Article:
Grainger's records indicate that Davies engaged in nine separate transactions with Grainger between 1994 and 2008. Davies argues that he was not a regular customer of Davies, but he did recall at least two transactions and did not dispute Grainger's business records at his deposition. Davies also admits in his deposition that he never terminated his relationship with Grainger.

Second, Davies arguably consented to receiving Grainger's fax. The TCPA only prohibits "unsolicited advertisements, " meaning "any material advertising the commercial availability or quality of any property, goods, or services which is transmitted to any person without that person's prior express invitation or permission, in writing or otherwise." 47 U.S.C. § 227(a)(5). Grainger argues that it obtained Davies' fax number either from him personally and/or from a search of public directories by Infogroup, a company Grainger hired to search for the fax numbers of customers in Grainger's database. Davies testified that it is possible that he provided his fax number directly to Grainger during the course of their business relationship. (See Dkt. 40-5, Tab D, Davies Tr. at 79:5-20). Grainger presents copies of the 2007 and 2008 Business White Pages for the North Shore Region that list Davies' phone numbers, one of which is his fax number. (Dkt. 40-7, Tab. F). Furthermore, Infogroup uses only information gathered from public sources. Internal records indicate that Infogroup's database included Davies' fax number and that the information had been obtained from the 2005, 2006, 2007 and/or 2008 editions of the Yellow Pages and/or Business White Pages covering the North Shore Region of Illinois. (Dkt. 40-8, Tab. G, Decl. Christopher Fruehwald). Davies concedes that he provided his fax number to public directories, and could have provided it to Grainger, and therefore arguably consented to receiving fax advertisements.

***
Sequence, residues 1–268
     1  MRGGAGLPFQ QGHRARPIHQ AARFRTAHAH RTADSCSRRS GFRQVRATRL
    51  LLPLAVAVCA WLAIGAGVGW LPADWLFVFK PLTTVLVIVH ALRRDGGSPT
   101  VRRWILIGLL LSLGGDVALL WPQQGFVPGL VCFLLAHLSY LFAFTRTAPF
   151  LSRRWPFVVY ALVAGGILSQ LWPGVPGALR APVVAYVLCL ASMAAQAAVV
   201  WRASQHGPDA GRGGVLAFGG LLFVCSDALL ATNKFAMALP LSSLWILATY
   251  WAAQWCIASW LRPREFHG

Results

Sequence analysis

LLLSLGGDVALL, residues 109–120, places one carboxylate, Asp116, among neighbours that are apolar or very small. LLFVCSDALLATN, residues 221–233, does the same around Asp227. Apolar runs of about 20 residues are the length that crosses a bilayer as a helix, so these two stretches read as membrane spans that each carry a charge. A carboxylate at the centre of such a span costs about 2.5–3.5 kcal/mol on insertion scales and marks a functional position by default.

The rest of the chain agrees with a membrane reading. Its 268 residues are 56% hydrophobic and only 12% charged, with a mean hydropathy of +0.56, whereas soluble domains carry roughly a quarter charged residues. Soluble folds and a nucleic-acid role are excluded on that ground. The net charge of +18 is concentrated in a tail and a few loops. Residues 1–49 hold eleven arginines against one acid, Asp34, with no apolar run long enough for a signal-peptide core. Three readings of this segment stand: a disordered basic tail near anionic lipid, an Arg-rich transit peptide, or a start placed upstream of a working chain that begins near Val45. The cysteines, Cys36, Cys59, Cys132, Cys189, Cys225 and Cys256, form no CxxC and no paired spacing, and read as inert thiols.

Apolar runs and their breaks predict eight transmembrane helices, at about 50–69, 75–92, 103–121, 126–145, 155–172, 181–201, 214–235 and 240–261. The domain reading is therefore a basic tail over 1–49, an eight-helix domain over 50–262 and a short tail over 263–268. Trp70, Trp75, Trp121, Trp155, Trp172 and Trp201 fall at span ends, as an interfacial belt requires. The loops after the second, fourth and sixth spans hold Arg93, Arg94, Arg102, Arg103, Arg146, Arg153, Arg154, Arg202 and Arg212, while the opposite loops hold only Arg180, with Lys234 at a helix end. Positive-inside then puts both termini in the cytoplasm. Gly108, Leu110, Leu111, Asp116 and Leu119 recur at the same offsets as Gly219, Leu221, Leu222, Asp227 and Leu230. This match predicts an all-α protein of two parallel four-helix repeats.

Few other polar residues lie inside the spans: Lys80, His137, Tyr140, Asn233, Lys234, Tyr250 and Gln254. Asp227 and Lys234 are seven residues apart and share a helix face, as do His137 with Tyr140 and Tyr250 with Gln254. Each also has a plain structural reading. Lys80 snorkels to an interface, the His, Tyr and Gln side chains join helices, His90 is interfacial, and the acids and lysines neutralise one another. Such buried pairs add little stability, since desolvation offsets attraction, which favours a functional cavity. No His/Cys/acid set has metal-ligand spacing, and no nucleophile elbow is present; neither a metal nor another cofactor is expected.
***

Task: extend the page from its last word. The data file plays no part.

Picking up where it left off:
Undaunted, Davies maintains that the opt-out notice is not "clear and conspicuous" as required by the TCPA. See 47 U.S.C. §227(b)(2)(D)(i), (iv)(I)-(II), (v); 47 C.F.R. § 64.1200(a)(3)(iii); In the Matter of Rules & Regulations Implementing the Tel. Consumer Prot. Act of 1991 Junk Fax Prevention Act of 2005, 21 F.C.C. Rcd. 3787, 3801 (2006) (clear and conspicuous means "a notice that would be apparent to a reasonable consumer"). However, at his deposition, Davies testified that he can read the opt-out notice and that, from his prior experience dealing with unsolicited faxes litigation, he understood the opt-out notice requirement. (Dkt. 40-5, Tab D at 34:24-37:18.) He further admitted that he did not opt-out from receiving future faxes from Grainger. ( Id. at 37:19-22.)